Here’s the thing: deficits DO matter, but not in the way that is being formulated by President Obama. If a government spends too much after getting us to a state of full employment and higher economic growth, excessive government spending can create inflationary pressures. So to that extent, there is a limit... Contrary to conventional “gold standard” thinking, where every dollar spent has to be ‘financed’ by an ounce of gold already in existence, our government can "afford" anything that it is for sale in its own currency (unless we artificially constrain ourselves via stupid self-imposed limits such as a debt ceiling – the US being the only sovereign issuer of its currency that chooses to constrain itself this way).
The debate that the President is calling for, then, should not be focused on “affordability” but on what constitutes the national priorities of our government. The political process, not a non-existent gold standard, or a foolishly imposed debt ceiling of questionable constitutionality, should determine our national priorities. Promising jam tomorrow in exchange for “eating our peas” today might make for a good sound bite, but it is predicated on a fundamentally flawed model. The whole basis of our growth over the past quarter century has been based on households borrowing and the continuation of negative saving trends. A good place to start recovery efforts, therefore, would be to change this method of economic growth toward restoring incomes and job growth, rather than propping up zombie banks and embracing “rentier economics” through this misconceived emphasis of public debt reduction... Concerns about government deficits and the government debt have served as a very useful way of masking the real issue, the unwillingness of conservatives to allow the government to work for the good of the population, something that a democratic government is supposed to do.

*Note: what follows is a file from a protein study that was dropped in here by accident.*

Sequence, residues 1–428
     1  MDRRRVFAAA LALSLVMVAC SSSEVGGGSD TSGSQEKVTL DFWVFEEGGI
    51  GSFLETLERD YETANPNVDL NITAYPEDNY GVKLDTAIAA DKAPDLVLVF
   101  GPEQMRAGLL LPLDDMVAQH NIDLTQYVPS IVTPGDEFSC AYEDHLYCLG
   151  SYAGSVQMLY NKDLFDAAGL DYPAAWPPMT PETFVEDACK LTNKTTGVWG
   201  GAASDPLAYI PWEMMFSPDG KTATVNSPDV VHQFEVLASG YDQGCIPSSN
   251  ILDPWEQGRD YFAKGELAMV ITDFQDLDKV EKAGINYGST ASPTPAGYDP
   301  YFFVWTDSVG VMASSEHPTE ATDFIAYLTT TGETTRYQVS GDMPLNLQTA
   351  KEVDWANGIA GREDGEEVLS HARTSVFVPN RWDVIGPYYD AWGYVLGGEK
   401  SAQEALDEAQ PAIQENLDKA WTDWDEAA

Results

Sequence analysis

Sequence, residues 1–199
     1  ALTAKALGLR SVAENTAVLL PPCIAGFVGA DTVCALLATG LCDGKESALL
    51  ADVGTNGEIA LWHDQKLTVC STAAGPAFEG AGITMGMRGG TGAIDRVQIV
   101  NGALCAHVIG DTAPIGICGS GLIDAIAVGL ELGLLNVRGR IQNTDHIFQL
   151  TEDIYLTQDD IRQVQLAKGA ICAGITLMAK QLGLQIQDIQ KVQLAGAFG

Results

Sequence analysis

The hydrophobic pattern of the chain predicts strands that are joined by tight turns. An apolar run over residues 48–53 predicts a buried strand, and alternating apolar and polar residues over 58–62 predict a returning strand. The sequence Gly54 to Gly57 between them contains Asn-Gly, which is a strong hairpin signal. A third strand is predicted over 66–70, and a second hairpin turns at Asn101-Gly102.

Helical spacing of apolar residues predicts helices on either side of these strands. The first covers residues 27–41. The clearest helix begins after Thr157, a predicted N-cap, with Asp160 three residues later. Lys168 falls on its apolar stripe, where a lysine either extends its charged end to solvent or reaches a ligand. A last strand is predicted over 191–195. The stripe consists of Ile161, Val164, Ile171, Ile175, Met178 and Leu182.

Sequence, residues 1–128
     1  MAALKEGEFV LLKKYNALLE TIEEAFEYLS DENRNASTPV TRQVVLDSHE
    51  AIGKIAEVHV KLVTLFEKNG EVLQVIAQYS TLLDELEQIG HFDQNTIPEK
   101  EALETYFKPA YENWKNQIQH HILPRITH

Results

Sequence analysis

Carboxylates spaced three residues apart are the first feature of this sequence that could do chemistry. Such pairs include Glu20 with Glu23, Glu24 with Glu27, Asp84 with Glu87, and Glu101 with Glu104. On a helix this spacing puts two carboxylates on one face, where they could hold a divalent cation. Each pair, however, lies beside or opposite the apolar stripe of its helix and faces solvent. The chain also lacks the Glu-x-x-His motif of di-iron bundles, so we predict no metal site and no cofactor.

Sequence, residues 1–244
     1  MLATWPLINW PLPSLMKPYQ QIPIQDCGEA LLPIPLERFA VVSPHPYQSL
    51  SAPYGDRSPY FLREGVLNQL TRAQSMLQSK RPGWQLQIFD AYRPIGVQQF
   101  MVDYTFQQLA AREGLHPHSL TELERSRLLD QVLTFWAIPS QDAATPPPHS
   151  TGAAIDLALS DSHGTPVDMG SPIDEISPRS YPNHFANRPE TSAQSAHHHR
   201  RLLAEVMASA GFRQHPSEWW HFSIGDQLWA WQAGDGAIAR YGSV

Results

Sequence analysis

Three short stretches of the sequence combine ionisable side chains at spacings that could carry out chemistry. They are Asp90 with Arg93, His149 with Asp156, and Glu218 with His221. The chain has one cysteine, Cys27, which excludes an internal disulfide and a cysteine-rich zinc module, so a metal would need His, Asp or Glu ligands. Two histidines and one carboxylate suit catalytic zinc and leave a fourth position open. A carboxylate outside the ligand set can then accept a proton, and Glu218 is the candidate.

---Marshall Auerbach via Naked Capitalism (My Italics)